Outlook and Future Challenges

The relationship between social experiences and addiction is bidirectional. Negative social experiences such as those experienced during aversive social interactions or during withdrawal from chronic drug use have the potential to powerfully influence drug-taking and seeking. By contrast, positive and prosocial interactions can buffer some of these negative affective states and aid in addiction recovery. While it is clear that many distributed brain circuits are involved in different features of sociability, the critical roles of striatal DA and 5-HT may be particularly compromised over the course of the addiction process (Figure 1). Based on the available data, a convergence point between drug-seeking behavior and social behavior may be represented in the mechanisms these modulators orchestrate in the NAc. It is also noted that many of the other structures known to shape social dynamics have also been shown to be modified by repeated drug exposure. All of these fascinating regions are subject to further investigation. Not only does understanding the relationship social and addictive behaviors have with one another provide insight into how these individual behaviors are generated, it also brings into focus the obvious importance of treatment approaches focusing on social factors. In humans, most rewards that compete with drugs are social in nature. This is already being addressed with the increasing use of animal models that incorporate social factors and the continued implementation of social-based treatments for addiction, such as the community reinforcement approach since the 1970s. This approach is a psychosocial intervention that aims to help individuals with SUDs rearrange their lifestyles so that healthy, drug-free living becomes rewarding and competes with drug use. Patients are encouraged to become progressively involved in alternative non-substance-related pleasant social activities, and to work on enhancing enjoyment they receive within the community of their family and job (Meyers et al., 2011). We are hopeful that more data from basic neuroscience examinations of these behavioral relationships will inspire more creative and effective interventions for individuals with SUDs.

FIGURE 1
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Figure 1. Schematic illustrating the influence of social factors across phases of addiction. Social defeat and social isolation stress facilitate the acquisition and promote the maintenance of drug use. Drug withdrawal and prolonged abstinence promote social isolation that in turn increases susceptibility to drugs. Individuals who maintain proper social drive may be resilient to drug cravings and relapse. Multiple neuromodulators including dopamine, serotonin, and various neuropeptides play key roles in social influences over addictive behaviors. Therapeutic approaches that bolster sociability like MDMA may hold promise in treating SUDs. MDMA, (±)3,4-methylenedioxymethamphetamine; SUDs, substance use disorders.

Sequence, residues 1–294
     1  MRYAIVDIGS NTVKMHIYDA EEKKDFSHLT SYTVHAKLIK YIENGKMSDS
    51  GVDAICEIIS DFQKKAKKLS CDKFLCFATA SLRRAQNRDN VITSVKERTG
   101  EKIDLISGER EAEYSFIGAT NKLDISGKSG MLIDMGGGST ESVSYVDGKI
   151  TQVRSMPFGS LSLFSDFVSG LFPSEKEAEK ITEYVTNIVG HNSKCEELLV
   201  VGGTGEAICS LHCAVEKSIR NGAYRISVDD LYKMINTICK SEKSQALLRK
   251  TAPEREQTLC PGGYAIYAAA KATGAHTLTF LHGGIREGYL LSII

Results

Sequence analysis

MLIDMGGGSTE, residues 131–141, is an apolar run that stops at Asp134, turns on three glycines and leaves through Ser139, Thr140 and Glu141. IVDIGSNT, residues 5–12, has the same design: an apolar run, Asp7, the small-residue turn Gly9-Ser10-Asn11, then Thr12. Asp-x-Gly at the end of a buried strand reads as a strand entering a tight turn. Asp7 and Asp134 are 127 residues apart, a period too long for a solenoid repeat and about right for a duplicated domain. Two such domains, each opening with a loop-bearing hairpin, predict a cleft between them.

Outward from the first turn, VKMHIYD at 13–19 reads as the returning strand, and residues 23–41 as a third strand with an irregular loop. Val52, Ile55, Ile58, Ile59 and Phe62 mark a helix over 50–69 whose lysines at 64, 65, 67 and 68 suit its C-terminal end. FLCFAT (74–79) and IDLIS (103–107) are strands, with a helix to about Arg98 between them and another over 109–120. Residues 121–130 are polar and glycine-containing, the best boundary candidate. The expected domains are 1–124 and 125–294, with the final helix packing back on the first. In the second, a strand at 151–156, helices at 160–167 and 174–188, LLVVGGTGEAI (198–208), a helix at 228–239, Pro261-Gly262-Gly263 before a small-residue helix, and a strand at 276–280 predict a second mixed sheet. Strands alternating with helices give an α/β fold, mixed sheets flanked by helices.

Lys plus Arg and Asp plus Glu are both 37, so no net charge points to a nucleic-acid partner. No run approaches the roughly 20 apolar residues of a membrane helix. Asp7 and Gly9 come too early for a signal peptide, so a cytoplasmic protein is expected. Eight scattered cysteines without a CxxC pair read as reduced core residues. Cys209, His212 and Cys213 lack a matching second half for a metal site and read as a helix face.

Author Contributions

MP and RM contributed equally to the manuscript. FP contributed to the social isolation portion. All authors contributed to the article and approved the submitted version.

Funding

This work was supported by NIH/NIDA T32 DA035165 (MP) and NIH/NIAAA AA027293 (RM).

Conflict of Interest

The authors declare that the research was conducted in the absence of any commercial or financial relationships that could be construed as a potential conflict of interest.

Publisher’s Note

All claims expressed in this article are solely those of the authors and do not necessarily represent those of their affiliated organizations, or those of the publisher, the editors and the reviewers. Any product that may be evaluated in this article, or claim that may be made by its manufacturer, is not guaranteed or endorsed by the publisher.

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Keywords: social defeat, serotonin, kappa opioid receptor, social isolation, substance use disorders, hyperkatifeia

Citation: Pomrenze MB, Paliarin F and Maiya R (2022) Friend of the Devil: Negative Social Influences Driving Substance Use Disorders. Front. Behav. Neurosci. 16:836996. doi: 10.3389/fnbeh.2022.836996

Received: 16 December 2021; Accepted: 13 January 2022;
Published: 10 February 2022.

Edited by:

Rana El Rawas, Innsbruck Medical University, Austria

Reviewed by:

Carmen Ferrer Pérez, University of Zaragoza, Spain
Suman Guha, Harvard Medical School, United States

Copyright © 2022 Pomrenze, Paliarin and Maiya. This is an open-access article distributed under the terms of the Creative Commons Attribution License (CC BY). The use, distribution or reproduction in other forums is permitted, provided the original author(s) and the copyright owner(s) are credited and that the original publication in this journal is cited, in accordance with accepted academic practice. No use, distribution or reproduction is permitted which does not comply with these terms.

*Correspondence: Matthew B. Pomrenze, pomrenze@stanford.edu; Rajani Maiya, rmaiya@lsuhsc.edu